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Rush February 8, 2021


Lili Fini Zanuck



Jason Patric
Jennifer Jason Leigh
Sam Elliott
Max Perlich
Gregg Allman
Tony Frank









2 Hrs.


ush (1991) is about a pair of undercover cops who get so deep into the world they’re infiltrating that they almost can’t find their way out. This well-crafted but psychologically limited drama stars Jason Patric and Jennifer Jason Leigh as the officers. Patric is Jim, a hard-bitten veteran who’s gotten cocky with time (he doesn’t hesitate before cutting a corner). Leigh is Kristen, a naïve rookie who’s so

much a clean slate that the darkest thing lurking in her past is that she was 

caught smoking pot a few times as a youngster — twice in high school, once in college. The two are assigned early in the movie by their lieutenant, Larry (Sam Elliott), to take down a local drug lord and porn distributor, Gaines (a wraithlike Gregg Allman), who’s proven elusive to arrest.

Jim has done this kind of work plenty of times before. He picks out Kristen as his partner in the case almost on a whim — maybe as a challenge for himself. When he sees her for the first time, training on the racetrack with some of her fellow recent police-academy graduates, she sticks out, especially once she wins an impromptu race. Jim gives her the low-down ahead of time: how you can get your veins to stick out as if you were really a hard-drug addict; how to look convincing to the people in the drug milieu you're about to invade. (The film is set in Katterly, Tex., mostly in 1975; a radio happily chirps in an early scene that the previous year will be remembered as the one during which Patty Hearst got abducted and Nixon was disgraced.) First order of business: Kristen needs to stop washing her hair so regularly — its clean bounciness gives her an unwanted wholesomeness, like she was one of Charlie’s angels. Jim, meanwhile, fits right in — he’s always so bedraggled-looking it’s like he’s just gotten out of bed, forgetting until waking up that he failed to take off the workday’s clothes before shutting his eyes for the night. 


Jim and Kristen are to pose as heroin-addicted lovers. They have no trouble convincing the various minor local dealers from whom they buy of their identities; they even befriend some of them. But as they keep buying and buying, hoping to uncover even a tenuous connection to Gaines, the latter stays evasive — and the more evasive he gets, the better Jim and Kristen get at performing as this struggling couple. They get a little too efficient: they eventually do become a couple outside of the charade; they also eventually become full-blown heroin addicts after taking a few too many doses as means to blend in. “Something’s changing here, and we’ve got less control of it all the time,” Kristen says forebodingly just before she and Jim hit an inexorable rock bottom.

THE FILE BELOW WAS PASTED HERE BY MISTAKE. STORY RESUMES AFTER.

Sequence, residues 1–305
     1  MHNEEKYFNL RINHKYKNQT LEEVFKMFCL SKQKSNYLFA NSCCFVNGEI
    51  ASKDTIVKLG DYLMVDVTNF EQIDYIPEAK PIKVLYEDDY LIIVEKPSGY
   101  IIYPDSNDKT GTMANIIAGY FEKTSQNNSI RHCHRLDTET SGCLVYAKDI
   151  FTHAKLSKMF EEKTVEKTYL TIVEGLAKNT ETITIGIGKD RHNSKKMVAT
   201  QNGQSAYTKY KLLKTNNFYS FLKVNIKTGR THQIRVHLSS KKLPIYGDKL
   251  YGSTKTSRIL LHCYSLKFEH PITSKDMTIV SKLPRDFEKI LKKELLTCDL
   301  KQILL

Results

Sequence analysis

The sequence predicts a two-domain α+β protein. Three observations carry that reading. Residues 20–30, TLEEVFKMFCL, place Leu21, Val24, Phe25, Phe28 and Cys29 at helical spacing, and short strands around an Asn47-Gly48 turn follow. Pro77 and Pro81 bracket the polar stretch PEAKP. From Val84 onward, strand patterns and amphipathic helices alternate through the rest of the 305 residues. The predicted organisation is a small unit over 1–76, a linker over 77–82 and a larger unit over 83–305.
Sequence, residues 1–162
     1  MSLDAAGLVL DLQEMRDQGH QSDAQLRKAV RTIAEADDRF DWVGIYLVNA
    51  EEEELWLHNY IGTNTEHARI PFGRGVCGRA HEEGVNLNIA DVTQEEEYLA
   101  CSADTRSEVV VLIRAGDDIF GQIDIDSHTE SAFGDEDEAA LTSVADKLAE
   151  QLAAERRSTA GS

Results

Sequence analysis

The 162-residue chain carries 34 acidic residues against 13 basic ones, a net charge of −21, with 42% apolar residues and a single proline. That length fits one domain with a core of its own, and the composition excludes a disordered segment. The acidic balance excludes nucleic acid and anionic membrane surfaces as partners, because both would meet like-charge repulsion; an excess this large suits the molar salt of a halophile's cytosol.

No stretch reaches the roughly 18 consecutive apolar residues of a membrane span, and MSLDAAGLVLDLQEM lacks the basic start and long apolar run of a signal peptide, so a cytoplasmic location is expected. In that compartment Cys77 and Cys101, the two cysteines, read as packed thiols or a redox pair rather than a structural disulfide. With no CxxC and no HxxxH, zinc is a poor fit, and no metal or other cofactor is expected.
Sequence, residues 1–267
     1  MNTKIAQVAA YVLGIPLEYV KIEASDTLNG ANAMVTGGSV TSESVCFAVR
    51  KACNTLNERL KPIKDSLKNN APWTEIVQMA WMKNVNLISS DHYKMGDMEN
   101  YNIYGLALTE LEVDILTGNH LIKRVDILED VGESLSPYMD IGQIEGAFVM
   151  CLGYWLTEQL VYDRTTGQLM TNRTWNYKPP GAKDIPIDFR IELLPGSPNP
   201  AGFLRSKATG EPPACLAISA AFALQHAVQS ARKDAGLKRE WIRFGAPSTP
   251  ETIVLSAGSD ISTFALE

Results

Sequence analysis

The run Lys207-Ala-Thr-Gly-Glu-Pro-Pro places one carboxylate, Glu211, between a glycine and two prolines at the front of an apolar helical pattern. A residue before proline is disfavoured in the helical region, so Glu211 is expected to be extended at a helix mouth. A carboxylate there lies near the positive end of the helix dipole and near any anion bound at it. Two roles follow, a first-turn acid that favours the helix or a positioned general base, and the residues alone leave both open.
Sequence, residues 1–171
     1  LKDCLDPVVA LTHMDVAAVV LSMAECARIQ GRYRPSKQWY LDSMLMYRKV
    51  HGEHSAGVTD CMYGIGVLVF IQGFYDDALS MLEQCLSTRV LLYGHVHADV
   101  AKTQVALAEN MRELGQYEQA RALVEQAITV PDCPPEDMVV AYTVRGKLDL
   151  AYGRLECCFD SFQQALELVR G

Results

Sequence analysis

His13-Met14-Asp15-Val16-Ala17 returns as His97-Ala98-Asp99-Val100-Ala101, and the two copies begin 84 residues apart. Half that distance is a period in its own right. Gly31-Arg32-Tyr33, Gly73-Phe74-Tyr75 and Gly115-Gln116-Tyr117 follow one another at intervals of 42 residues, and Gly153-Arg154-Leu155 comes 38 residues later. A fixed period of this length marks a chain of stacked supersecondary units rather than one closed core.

Rush is consistently unnerving on a visceral level. It’s almost willfully unsentimental, too. As Jim and Kristen plunge downward into complete despondence, we can feel their worlds getting progressively claustrophobic — and director Lili Fini Zanuck, working off a screenplay by Pete Dexter (itself based on a Kim Wozencraft novel), credibly and critically brings both this small town’s drug and police milieus to the screen in her sole directorial effort. (Zanuck primarily worked as a producer; though she’d only produced three movies before Rush, the film has been made with the assertiveness of someone who’d helmed several more.) But while the movie is narratively engaging — we watch it almost compulsively, the way we would keep vigorously turning the pages of a potboiler crime novel — it remains psychically and emotionally hard to reach. 


Little of Jim’s and Kristen’s backgrounds and interior lives are made clear to us, and so they feel more like stock creations than people being pushed to their limits. He’s the world-weary professional whose confidence is in part what dooms him; she’s the cherubic newcomer whose drive and sense of purpose are permanently derailed following a sordid few months of living. Jim and Kristen are imbued with extra texture by actors who inhabit them as if they had more to work with on the page than they actually do. Great supporting turns from Elliott, as the compassionate but judicious superior who had a similar undercover experience long ago (his come-to-Jesus moment came when he was shot in the toe unexpectedly), and Max Perlich, as a touching, too-trusting addict who befriends Jim and Kristen, give some needed additional dimension to the movie. But like with Patric and Leigh, these underwritten roles are lent exigency only because of who’s playing them. We see vividly what it’s like to get too close to the fire in Rush, but we can’t quite feel its heat. B

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